Monday, 25 April 2016

Volume 19, Issue 1, January 2016, Pages 36–41
Patient-Reported Outcomes

Changes in Quality of Life Associated with Complications of Diabetes: Results from the ADVANCE Study

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To measure the impact of complications on summary measures of health-related quality of life among people with type 2 diabetes.


Patients participating in the Action in Diabetes and Vascular Disease:Preterax and Diamicron MR Controlled Evaluation (ADVANCE) trial were administered a health-related quality-of-life questionnaire, the three-level EuroQol five-dimensional questionnaire (EQ-5D-3L), on four occasions over a 5-year period. We used two-way fixed-effects longitudinal regression models to investigate the impact of incident diabetes complications (stroke, heart failure, myocardial infarction, ischemic heart disease, renal failure, blindness, and amputation) on EQ-5D-3L utility score (where 1 = perfect health), while controlling for characteristics of individuals that do not vary over time.


The effect of having any one of the seven complications was to reduce the EQ-5D-3L utility score by 0.054 (95% confidence interval 0.044–0.064), and this was not significantly affected by baseline age, sex, economic region, or the value set used to derive utilities. The complication with the largest disutility was amputation (0.122), followed by stroke (0.099), blindness (0.083), renal failure (0.049), heart failure (0.045), and myocardial infarction (0.026). Ischemic heart disease did not significantly reduce the utility score. Quality of life also declined with elapsed time—by an average of 0.006 per year, in addition to the effect of complications.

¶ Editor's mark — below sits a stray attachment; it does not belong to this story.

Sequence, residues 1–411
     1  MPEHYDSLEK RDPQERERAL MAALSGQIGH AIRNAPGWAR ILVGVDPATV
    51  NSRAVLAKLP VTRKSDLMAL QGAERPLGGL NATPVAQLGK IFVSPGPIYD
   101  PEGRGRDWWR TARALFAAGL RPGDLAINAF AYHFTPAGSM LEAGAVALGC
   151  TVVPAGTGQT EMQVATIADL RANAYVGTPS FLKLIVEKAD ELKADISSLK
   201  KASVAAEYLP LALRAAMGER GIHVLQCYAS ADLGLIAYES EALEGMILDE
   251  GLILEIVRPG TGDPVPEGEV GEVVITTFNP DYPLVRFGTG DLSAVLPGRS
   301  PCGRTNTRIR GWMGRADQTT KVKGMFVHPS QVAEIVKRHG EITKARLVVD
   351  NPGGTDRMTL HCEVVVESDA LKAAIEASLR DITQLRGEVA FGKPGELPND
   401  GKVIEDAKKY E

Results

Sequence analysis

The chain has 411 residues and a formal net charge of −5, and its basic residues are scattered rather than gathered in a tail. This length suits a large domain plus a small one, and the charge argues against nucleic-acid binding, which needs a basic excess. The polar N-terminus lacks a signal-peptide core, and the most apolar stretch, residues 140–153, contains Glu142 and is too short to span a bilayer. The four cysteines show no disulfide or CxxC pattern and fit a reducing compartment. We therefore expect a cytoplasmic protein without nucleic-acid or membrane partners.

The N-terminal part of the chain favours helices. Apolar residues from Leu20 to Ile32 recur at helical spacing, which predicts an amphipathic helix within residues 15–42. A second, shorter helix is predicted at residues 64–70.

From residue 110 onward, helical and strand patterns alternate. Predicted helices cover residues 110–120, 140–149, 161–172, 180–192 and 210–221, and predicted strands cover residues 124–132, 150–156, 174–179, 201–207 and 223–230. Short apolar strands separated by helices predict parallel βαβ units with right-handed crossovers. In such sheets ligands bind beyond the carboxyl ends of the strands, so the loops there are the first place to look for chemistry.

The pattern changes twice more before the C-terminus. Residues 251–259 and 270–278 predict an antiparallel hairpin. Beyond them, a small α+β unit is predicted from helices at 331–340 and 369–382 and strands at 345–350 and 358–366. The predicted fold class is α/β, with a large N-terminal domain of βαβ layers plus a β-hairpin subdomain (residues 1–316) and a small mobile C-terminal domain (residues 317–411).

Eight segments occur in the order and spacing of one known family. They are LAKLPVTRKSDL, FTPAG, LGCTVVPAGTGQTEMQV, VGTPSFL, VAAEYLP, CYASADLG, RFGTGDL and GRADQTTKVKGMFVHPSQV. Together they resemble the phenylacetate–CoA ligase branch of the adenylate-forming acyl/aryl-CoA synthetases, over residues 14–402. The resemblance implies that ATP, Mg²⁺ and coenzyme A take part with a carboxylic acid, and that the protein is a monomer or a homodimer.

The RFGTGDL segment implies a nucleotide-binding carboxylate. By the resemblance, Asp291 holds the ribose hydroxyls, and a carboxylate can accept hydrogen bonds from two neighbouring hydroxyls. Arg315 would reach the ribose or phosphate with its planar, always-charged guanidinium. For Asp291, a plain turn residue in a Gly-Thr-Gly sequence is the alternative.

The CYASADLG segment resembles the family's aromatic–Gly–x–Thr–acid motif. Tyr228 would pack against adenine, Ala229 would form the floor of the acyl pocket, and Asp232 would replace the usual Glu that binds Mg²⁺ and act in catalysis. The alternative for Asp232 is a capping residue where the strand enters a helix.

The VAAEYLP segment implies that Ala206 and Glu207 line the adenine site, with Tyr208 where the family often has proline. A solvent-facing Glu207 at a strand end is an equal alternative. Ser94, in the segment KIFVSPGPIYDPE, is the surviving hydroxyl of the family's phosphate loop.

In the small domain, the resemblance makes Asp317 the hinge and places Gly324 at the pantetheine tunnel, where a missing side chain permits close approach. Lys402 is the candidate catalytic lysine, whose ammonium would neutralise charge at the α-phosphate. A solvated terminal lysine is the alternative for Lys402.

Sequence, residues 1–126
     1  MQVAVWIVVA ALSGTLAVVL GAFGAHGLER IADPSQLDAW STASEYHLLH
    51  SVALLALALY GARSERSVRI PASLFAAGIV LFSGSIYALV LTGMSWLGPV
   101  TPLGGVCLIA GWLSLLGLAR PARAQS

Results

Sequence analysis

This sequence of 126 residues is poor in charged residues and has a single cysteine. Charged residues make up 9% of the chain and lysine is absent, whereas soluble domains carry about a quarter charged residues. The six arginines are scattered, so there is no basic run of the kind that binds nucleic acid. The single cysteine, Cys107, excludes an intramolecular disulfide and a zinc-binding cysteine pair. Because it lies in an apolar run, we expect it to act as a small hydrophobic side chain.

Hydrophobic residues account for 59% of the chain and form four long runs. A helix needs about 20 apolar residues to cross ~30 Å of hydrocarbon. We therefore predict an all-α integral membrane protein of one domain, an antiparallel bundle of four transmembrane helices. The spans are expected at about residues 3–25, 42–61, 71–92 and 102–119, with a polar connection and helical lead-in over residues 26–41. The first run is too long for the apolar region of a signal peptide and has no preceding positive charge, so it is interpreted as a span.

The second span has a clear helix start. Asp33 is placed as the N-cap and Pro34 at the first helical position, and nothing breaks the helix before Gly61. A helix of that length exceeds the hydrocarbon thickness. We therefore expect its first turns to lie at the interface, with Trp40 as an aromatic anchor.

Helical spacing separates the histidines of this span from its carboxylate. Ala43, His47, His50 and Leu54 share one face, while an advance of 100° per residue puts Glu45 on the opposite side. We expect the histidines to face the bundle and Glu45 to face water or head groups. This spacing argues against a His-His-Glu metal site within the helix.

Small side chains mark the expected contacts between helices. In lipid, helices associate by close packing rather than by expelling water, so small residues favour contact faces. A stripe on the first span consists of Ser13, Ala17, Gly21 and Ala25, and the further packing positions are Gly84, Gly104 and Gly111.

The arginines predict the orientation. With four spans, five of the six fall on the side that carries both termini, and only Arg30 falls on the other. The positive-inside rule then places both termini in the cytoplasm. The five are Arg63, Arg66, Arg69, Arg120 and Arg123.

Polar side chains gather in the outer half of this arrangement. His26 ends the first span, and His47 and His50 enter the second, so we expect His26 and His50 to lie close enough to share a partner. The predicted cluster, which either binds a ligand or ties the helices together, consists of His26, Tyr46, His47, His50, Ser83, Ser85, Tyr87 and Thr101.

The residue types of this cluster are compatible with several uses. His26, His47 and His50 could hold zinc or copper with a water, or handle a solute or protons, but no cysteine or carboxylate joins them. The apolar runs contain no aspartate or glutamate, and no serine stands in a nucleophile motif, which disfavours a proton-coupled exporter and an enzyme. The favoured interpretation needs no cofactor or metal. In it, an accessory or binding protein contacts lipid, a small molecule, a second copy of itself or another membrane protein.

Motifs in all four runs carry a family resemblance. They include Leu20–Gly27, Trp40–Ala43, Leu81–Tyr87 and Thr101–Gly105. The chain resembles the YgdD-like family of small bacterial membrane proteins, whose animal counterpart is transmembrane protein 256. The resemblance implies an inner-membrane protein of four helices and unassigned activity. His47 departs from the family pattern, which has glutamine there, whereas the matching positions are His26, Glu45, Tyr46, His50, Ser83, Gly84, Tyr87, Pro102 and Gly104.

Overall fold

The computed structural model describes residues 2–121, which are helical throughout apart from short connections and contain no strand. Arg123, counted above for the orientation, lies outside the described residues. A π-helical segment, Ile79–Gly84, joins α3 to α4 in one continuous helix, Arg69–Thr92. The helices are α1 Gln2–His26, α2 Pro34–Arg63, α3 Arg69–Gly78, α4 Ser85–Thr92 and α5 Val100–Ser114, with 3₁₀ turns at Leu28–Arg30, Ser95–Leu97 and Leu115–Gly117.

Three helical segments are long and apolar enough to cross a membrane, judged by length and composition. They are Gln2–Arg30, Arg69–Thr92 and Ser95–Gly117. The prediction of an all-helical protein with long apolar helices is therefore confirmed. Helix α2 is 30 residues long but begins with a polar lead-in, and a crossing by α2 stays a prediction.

Common complications significantly reduce health-related quality of life. Utility scores derived from the EQ-5D-3L provide a potential measure that can be used to summarize patient-reported outcomes and inform health economic models. Prevention of complications is critical to reduce the progressive burden of declining quality of life for people with diabetes.


  • complications;
  • longitudinal analysis;
  • quality of life;
  • type 2 diabetes
Address correspondence to: Alison Hayes, Sydney School of Public Health, Edward Ford Building (A27), University of Sydney, Sydney, NSW 2006, Australia.